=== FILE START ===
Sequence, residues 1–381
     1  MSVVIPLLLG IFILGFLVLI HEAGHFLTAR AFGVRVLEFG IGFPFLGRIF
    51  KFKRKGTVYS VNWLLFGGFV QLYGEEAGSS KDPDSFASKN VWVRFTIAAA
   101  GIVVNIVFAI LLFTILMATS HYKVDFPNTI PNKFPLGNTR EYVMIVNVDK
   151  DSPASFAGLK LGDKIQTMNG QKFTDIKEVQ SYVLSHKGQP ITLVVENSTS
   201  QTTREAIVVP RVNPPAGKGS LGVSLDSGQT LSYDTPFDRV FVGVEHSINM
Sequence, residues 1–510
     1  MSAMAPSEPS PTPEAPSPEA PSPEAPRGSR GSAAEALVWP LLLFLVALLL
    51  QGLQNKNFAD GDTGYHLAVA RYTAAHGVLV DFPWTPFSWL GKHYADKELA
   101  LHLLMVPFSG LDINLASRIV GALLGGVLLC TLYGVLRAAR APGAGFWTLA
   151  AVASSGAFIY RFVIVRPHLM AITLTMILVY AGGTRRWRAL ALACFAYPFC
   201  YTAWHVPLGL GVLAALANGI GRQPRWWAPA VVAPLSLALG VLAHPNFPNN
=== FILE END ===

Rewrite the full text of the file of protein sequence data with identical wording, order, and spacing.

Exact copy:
Sequence, residues 1–381
     1  MSVVIPLLLG IFILGFLVLI HEAGHFLTAR AFGVRVLEFG IGFPFLGRIF
    51  KFKRKGTVYS VNWLLFGGFV QLYGEEAGSS KDPDSFASKN VWVRFTIAAA
   101  GIVVNIVFAI LLFTILMATS HYKVDFPNTI PNKFPLGNTR EYVMIVNVDK
   151  DSPASFAGLK LGDKIQTMNG QKFTDIKEVQ SYVLSHKGQP ITLVVENSTS
   201  QTTREAIVVP RVNPPAGKGS LGVSLDSGQT LSYDTPFDRV FVGVEHSINM
Sequence, residues 1–510
     1  MSAMAPSEPS PTPEAPSPEA PSPEAPRGSR GSAAEALVWP LLLFLVALLL
    51  QGLQNKNFAD GDTGYHLAVA RYTAAHGVLV DFPWTPFSWL GKHYADKELA
   101  LHLLMVPFSG LDINLASRIV GALLGGVLLC TLYGVLRAAR APGAGFWTLA
   151  AVASSGAFIY RFVIVRPHLM AITLTMILVY AGGTRRWRAL ALACFAYPFC
   201  YTAWHVPLGL GVLAALANGI GRQPRWWAPA VVAPLSLALG VLAHPNFPNN